SEAT Ibiza ST review

If there’s one SEAT model turning heads more than any other these days, it’s definitely the hugely-successful Leon.

Sleek, sophisticated and with a pleasingly dynamic performance, it’s also available in an array of bodystyles, trims and configurations, and you’d therefore be forgiven for thinking that the Leon is SEAT’s golden goose.

However, while the Leon has certainly been making a considerable amount of noise about itself in the past year or so, it’s actually the Ibiza that remains the company’s number-one model.

The most popular SEAT car by quite a margin, the Ibiza is not only the best-selling SEAT, but also the best-selling and most-exported Spanish car of all time. Placed end-to-end, the total number of Ibiza models produced would stretch roughly the distance between SEAT’s plant in Spain and New Zealand.

It has the numbers behind it, but what else does it have? The estate version of the Leon, the Leon ST, has gathered quite a bit of critical buzz since its release, thanks to its quick ride and huge boot, but what about the Ibiza ST?

Perhaps slightly overlooked in favour of its younger brother, the Ibiza ST has nonetheless proven itself more than capable, having been named the Most Rated Car by buyer website Honest John after proving popular with buyers.

At first glance, it might look similar to other small estates in the same mould as certain Peugeot models, but is there more to it than that? Read on and find out!


SEAT has always liked to put a fair amount of effort into making its cars as appealing to look at as possible, and that’s no less true for the Ibiza ST.

Although it was introduced in 2010 and last updated in 2012, it still sports a contemporary exterior look, with bold features on both ends and some seriously stylish lines and creases along the side for a slick, swift and dynamic appearance.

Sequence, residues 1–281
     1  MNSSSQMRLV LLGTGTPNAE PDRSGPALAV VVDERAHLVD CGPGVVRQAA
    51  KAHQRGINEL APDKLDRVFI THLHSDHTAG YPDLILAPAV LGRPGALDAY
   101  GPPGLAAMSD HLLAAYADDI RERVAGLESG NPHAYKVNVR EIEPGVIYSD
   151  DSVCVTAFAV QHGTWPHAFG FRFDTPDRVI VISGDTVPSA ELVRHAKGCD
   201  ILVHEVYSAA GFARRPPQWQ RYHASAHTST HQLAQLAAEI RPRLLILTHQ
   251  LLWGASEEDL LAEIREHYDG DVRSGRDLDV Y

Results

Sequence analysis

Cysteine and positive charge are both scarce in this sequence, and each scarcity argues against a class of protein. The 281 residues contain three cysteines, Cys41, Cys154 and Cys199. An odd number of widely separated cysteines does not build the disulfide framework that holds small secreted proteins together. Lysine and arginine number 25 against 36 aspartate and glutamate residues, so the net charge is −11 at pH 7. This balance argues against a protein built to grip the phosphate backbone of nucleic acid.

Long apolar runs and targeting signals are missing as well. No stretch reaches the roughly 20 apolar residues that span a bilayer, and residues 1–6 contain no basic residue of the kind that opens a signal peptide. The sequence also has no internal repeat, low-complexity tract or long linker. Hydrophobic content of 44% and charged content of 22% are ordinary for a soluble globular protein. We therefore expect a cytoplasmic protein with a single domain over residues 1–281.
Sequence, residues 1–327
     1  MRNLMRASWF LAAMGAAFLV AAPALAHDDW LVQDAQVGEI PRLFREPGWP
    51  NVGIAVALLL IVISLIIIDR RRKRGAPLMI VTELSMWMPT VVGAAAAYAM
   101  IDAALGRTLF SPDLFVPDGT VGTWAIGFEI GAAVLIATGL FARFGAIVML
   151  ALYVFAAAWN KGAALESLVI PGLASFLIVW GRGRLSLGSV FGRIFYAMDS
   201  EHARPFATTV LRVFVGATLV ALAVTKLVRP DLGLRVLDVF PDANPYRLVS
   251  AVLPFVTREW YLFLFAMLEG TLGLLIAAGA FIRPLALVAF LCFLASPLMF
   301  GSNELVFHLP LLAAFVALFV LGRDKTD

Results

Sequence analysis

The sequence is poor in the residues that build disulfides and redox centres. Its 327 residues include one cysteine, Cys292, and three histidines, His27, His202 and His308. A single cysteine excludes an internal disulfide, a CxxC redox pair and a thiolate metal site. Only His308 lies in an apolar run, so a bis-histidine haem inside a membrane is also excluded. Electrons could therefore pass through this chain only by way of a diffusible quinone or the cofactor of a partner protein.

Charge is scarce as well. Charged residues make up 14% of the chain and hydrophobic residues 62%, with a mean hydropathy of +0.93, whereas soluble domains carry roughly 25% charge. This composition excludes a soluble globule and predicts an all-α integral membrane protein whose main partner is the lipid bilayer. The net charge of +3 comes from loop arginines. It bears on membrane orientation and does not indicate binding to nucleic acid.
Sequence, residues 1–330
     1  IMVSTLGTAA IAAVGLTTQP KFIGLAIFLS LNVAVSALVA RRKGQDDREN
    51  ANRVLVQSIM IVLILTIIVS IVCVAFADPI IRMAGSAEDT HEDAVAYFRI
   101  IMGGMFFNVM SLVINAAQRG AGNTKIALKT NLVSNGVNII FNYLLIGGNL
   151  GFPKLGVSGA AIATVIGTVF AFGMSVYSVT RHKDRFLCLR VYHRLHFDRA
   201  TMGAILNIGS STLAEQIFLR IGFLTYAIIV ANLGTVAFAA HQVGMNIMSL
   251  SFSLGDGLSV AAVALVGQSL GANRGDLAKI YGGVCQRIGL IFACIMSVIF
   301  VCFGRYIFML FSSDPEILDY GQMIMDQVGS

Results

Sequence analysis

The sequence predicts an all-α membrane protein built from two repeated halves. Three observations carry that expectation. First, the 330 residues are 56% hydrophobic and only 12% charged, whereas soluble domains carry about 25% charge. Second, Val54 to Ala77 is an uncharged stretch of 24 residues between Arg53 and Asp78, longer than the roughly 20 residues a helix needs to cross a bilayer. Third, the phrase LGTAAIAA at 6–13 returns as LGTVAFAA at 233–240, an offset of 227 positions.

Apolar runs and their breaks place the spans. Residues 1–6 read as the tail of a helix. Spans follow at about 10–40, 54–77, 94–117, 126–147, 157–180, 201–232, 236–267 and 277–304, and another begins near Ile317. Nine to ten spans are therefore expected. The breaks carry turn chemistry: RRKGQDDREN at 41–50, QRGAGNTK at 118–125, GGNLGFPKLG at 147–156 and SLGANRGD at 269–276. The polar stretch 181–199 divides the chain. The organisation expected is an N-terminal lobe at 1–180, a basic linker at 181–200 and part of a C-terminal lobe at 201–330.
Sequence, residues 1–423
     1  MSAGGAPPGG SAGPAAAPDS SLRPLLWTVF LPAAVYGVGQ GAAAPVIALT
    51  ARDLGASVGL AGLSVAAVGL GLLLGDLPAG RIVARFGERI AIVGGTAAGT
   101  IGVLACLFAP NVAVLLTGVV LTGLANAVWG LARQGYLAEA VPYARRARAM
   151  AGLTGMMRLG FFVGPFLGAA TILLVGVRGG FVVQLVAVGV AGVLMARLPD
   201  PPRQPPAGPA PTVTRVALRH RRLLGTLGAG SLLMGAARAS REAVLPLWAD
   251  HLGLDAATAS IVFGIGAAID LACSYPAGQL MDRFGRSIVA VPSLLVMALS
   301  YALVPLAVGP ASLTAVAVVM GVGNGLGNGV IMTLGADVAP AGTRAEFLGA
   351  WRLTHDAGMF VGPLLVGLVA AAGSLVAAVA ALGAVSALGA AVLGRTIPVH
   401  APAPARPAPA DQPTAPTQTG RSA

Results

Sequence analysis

Compared with some of its rivals, it’s distinctly less boxy-looking, which will appeal to drivers who want practicality without sacrificing style points.

Although it’s unmistakably an estate model, the Ibiza ST is actually only 180mm longer than your standard Ibiza hatchback, which means that it’s not unwieldy to look at and is also fairly compact.

Another advantage of its relatively compact dimensions means that it’s easy to navigate around streets and tight B roads, while squeezing it into your average parking space without leaving any bits sticking out will be a doddle.

Complementing its sleek design is bi-xenon headlights, plus an optional panoramic sunroof to let more light into the cabin, along with 17-inch alloy wheels.


The larger dimensions of the ST over the hatchback adds on an extra 130 litres of boot space, bringing the total up to a pretty impressive 430 litres of luggage space.

Folding down the rear seats (which can also split in a handy 60:40 configuration) expands the luggage space to a huge 1,164 litres. It’s not quite as spacious as some of its rivals, but considering that it’s on the compact side for an estate, and it’s pretty remarkable overall.

The Ibiza ST’s five doors are slightly longer than those found on the five-door hatchback, which improves access, while rear legroom is also a lot better for lankier passengers.